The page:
Just hours after AT&T announced that its CEO Randall Stephenson would be stepping down in July after 13 years, President Donald Trump called Stephenson’s departure “great news!” in reference to WarnerMedia’s ownership of CNN, which the president often clashes with.
“Randall Stephenson, the CEO of heavily indebted AT&T, which owns and presides over Fake News @CNN, is leaving, or was forced out. Anyone who lets a garbage ‘network’ do and say the things that CNN does, should leave ASAP. Hopefully replacement will be much better!” Trump tweeted April 24 on social media.
Stephenson’s departure comes as AT&T grapples with shrinking pay-TV subscribers at DirecTV and AT&T U-verse, an online TV misfire with DirecTV Now (rebranded as AT&T TV), and $163 billion in debt — a figure that grew by $5.5 billion earlier this month following a third-party loan during the coronavirus pandemic.
Some have speculated the DOJ’s repeated attempts to nix AT&T’s $85 billion acquisition of Time Warner (and formation of WarnerMedia Entertainment) in 2016 stemmed from the president’s public animosity toward CNN.
“CNN’s job is not to be popular with the president,” Stephenson said at the time of the merger. “CNN’s job is really simple: It’s the job of all media: to hold people in power accountable.”
Strong words from a CEO who often criticized government regulation, welcomed Trump’s corporate tax cut and was frequently accused of telling Wall Street that he preferred taking care of shareholders over consumers.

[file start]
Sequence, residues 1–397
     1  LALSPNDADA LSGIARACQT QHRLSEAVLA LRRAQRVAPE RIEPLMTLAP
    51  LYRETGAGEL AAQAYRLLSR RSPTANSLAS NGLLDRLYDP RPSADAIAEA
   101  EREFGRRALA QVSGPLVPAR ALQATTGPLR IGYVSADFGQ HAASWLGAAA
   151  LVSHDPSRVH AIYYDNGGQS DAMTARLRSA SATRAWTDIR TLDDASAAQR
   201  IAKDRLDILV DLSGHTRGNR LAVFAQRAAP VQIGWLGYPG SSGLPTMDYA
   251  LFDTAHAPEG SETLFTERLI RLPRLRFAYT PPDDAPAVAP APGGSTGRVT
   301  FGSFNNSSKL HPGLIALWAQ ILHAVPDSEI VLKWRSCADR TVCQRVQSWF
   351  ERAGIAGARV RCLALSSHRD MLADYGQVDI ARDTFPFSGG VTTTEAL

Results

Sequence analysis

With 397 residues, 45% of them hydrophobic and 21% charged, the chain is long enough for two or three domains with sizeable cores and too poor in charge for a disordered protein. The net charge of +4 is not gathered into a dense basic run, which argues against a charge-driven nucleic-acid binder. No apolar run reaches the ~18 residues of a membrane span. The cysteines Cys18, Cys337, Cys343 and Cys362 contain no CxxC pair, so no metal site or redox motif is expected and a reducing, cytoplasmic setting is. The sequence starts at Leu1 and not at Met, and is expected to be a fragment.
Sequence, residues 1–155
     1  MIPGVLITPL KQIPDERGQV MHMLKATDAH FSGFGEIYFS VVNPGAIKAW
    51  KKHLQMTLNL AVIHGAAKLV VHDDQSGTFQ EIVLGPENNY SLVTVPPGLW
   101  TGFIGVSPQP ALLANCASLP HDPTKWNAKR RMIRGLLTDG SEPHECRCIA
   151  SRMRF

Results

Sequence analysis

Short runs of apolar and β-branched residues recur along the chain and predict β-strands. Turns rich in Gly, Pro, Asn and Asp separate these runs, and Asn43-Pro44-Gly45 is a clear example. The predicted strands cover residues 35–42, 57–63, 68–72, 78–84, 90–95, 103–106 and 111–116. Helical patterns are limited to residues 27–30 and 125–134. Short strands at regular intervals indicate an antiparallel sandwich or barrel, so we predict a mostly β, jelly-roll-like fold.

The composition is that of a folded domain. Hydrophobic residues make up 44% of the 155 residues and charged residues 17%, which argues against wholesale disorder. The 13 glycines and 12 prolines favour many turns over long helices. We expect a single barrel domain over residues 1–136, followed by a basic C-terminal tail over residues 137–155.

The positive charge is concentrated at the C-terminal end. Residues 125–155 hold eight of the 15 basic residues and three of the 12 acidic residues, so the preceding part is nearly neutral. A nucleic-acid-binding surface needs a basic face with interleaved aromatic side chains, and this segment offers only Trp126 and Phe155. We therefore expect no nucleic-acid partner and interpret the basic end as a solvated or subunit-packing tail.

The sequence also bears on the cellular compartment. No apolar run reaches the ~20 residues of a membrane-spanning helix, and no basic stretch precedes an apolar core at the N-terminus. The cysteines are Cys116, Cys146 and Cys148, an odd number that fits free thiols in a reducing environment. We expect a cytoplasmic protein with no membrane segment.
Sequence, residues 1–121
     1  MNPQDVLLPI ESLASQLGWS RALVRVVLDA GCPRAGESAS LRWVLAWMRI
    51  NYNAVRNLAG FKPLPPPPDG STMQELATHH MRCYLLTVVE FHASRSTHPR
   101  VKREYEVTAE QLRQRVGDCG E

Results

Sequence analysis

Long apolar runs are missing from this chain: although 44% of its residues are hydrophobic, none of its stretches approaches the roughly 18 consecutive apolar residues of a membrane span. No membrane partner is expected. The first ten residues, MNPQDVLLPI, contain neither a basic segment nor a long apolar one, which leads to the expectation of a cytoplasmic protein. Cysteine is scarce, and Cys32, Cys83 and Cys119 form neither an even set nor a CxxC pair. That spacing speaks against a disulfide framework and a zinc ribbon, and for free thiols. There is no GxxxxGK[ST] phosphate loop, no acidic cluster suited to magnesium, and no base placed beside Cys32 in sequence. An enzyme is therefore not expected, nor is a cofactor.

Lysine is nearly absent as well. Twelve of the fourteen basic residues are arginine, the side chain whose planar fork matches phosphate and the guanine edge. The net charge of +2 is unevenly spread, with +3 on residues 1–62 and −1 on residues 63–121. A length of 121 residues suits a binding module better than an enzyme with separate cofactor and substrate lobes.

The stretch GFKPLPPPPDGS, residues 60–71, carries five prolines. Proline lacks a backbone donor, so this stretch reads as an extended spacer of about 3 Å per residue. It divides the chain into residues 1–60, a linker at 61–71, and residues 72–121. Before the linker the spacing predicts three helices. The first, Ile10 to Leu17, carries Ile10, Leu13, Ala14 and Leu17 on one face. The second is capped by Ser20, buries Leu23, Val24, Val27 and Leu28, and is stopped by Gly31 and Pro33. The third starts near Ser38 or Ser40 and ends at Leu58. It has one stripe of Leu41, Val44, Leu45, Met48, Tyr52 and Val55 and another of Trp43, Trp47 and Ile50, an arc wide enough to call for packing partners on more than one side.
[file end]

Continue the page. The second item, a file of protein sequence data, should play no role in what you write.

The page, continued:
Indeed, in the first quarter (ended March 31), AT&T’s dividends paid for common shares totaling $3.7 billion (up 47% since 2017) and the company repurchased 142 million of its common shares for $4.7 billion.
Stephenson made headlines in 2017, when, as National Chair of the Boy Scouts of America, he criticized Trump’s address at the Boy Scouts of America’s annual Jamboree in West Virginia.
Trump had turned his speech into a partisan political rally, criticizing Obamacare, reiterating his 2016 election victory over Hillary Clinton, reportedly asking for greater loyalty from scouts and their parents and criticizing former President Barack Obama for not attending the Jamboree — a tradition among presidents since Franklin D. Roosevelt in 1937.
“Anyone knows his speeches get highly political — we anticipated that this could be the case,” Stephenson told The Associated Press. “Do I wish the president hadn’t gone there and hadn’t been political? Of course.”
Stephenson’s dogged defense of CNN continued despite some concern on Wall Street the global network founded by billionaire Ted Turner could undermine AT&T’s businesses going forward.
“This is one of those issues you just ask, ‘What is the right thing to do?'” Stephenson said at a Wall Street Journal forum as reported by The Dallas Morning News. “And then you do the right thing.”
Craig Moffett, analyst with MoffettNathanson, said Stephenson leaves behind a company that transformed from telecom operator to media conglomerate.
“But the jury is still out if the transformation is for better or worse,” Moffett told CNBC.